By the time the primaries have been decided, the two final Presidential candidates are carefully coiffed, exhibit controlled demeanor and deliver polished speeches, but the months leading up to the run-up to the election are messy, chaotic periods with the most interesting events going on behind the scenes, unbeknownst to the public. The management of a putative 2008 primary in Iowa (based on Gov. Howard Dean's 2004 campaign) is the basis for Beau Willimon's political drama, Farragut North, now receiving its New Jersey premiere in a riveting production by Premiere Stages at Kean University. (Above: Philip Mills as Stephen Bellamy and Cara Ganski as Molly; photo by Roy Groething)
The air of the intimate Zella Fry Theatre fairly crackled with snappy dialogue convincingly delivered by seven very talented actors under the fine directorial hand of Michael Barakiva. Even the coarse language uttered by most of the characters feels natural; profanity for emphasis probably plays a major role in most of the communication among people driven by competition to come out on top in the Iowa caucuses, the first primaries in the nation. A victory there will go a long way to propel the winner along the path to the general election.
Farragut North involves the machinations of Steve Bellamy, press secretary to Mike Morris, one of four candidates seeking the Presidential nomination (“Change Starts Now”—sound familiar?). Steve's hubris conflicts with his loyalty when he meets secretly with Tom Duffy, campaign manager of a rival hopeful, a meeting that results in a job offer, which he refuses. His failure to tell Morris campaign manager Paul Zara about the meeting, however, gets him in hot water and leads to dire occupational consequences. Add a one-night stand with Molly, a 19-year-old intern on the prowl, and a falling out with New York Times reporter Ida Horowicz, to whom he's been leaking stuff he hopes will make the front page of the paper, and you get denouement that deliciously delivers a fine—and well-deserved—comeuppance to a young twenty-something clearly too big for his britches.
These intrigues unfold on a beautiful set designed by Joseph Gourley. Sliding panels reveal a motel lounge, motel room, an out-of-the-way dive and campaign headquarters. The disjointed geometrical shapes painted on the panels echo the chaos of behind-the-scenes maneuvers inimical to this primary campaign yet convey the kitsch of a Midwestern motel.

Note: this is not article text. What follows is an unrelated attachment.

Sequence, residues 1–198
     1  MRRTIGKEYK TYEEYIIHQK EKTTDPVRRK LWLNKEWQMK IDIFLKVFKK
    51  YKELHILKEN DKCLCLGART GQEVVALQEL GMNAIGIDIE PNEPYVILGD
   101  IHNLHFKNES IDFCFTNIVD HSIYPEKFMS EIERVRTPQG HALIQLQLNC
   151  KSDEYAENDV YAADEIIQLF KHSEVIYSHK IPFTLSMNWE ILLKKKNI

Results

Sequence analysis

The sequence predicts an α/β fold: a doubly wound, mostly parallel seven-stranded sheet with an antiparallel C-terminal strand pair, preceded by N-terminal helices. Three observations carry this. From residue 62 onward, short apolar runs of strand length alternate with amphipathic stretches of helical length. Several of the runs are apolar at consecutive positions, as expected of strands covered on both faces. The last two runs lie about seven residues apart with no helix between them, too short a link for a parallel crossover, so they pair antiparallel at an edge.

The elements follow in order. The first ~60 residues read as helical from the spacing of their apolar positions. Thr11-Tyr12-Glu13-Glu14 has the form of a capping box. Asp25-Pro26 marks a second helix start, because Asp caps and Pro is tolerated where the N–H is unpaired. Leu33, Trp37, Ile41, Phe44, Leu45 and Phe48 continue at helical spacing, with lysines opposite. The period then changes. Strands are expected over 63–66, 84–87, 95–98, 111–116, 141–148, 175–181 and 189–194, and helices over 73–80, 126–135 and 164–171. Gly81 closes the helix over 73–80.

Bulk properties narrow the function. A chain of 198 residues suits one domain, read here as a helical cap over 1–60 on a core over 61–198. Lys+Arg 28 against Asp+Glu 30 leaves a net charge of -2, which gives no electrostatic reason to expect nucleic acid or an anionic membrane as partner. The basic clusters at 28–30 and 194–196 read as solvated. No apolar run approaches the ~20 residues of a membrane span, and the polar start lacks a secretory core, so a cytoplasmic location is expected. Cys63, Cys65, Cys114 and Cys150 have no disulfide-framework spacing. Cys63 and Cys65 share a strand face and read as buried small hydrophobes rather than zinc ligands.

The stellar cast includes Philip Mills, whose portrayal of Steve Bellamy reeks of the arrogance of a young man full of himself, which makes his retribution warranted and poignant. As campaign director Paul Zara, Paul Bernardo is the epitome of unkempt distraction tempered by a streak of ruthlessness all the more powerful for its unexpectedness. Steven Hauck's Tom Duffy, he of the long face and well-tailored suit, contrasts with Zara's dishevelment, but is equally as coldblooded in dealing with a rueful Bellamy late in the play.
While the two women characters are separated by about two decades in age, both are single-minded about what they want and how to get it. Roya Shanks as Ida Horowicz is all business, one of the boys, in her dealings with the political operatives she hobnobs with in motel lounges. Cara Ganski's Molly may look like an innocent teenager, but she's a sexual predator who has a string of conquests under her belt. Both actresses hold their own with the profanity-laced dialogue uttered in an offhand manner so common to men; it never feels gratuitous. And Steven Carter as young go-fer Ben turns in a performance reminiscent of Jesse Eisenberg, adorable, puppy-dog-like, yet totally convincing at the end.
You're probably wondering why a play set in Iowa about Washington politics is called Farragut North. Well, it's the name of a metro station located in a part of the nation's capitol where a great many consulting firms have their headquarters. To an operative used to being on the political front lines, it's the equivalent of Siberia.
With The Best Man closing on Broadway this past Sunday, there is still room for a well-written political play, and Farragut North is just the theatrical ticket. You could have heard a pin drop at the performance I attended this weekend, that's how enthralling it was to watch this modern version of what could well be a Greek tragedy unfold, except that nobody dies at the end; they just get punished by the political gods. It's a jolly good—and very satisfying—tale of what happens when people exhibit a sense of overweening pride: It leadeth to a fall.
Farragut North will be performed Thursdays, Fridays and Saturdays at 8 PM and Saturdays and Sundays at 3 PM through September 23 at the Zella Fry Theatre on the campus of Kean University, 1000 Morris Avenue, Union. For information and tickets, call the box office at 908.737.7469 or visit www.kean.edu/premierestages .